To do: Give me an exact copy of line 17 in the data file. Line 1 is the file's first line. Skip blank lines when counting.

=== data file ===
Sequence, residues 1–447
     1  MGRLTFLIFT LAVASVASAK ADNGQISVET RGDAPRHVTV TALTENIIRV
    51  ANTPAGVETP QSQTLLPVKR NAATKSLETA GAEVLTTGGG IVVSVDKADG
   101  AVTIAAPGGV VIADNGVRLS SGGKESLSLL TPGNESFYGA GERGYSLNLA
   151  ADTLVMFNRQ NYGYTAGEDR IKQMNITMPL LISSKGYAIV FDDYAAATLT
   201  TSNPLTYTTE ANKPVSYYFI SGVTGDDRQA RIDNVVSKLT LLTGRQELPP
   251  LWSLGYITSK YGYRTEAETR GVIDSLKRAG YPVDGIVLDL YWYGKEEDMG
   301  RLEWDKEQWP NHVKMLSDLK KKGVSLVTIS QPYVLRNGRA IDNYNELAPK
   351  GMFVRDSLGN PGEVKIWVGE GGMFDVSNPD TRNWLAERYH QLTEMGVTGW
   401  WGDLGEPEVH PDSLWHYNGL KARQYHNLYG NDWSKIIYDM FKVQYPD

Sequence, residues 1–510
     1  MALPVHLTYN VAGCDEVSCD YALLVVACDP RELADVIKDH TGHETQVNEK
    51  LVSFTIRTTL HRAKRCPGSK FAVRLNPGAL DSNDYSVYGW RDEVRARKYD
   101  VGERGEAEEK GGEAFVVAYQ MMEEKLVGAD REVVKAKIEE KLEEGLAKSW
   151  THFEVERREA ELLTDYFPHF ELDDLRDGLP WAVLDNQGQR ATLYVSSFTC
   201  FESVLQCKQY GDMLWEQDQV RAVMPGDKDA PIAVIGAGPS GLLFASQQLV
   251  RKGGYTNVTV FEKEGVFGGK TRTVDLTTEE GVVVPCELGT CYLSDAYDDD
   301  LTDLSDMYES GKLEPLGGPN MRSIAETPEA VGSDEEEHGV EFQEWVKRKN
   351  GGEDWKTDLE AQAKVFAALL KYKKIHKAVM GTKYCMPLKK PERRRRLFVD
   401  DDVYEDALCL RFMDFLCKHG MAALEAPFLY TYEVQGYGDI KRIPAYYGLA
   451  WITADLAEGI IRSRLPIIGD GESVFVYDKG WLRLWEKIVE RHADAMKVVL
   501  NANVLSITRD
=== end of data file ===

   251  RKGGYTNVTV FEKEGVFGGK TRTVDLTTEE GVVVPCELGT CYLSDAYDDD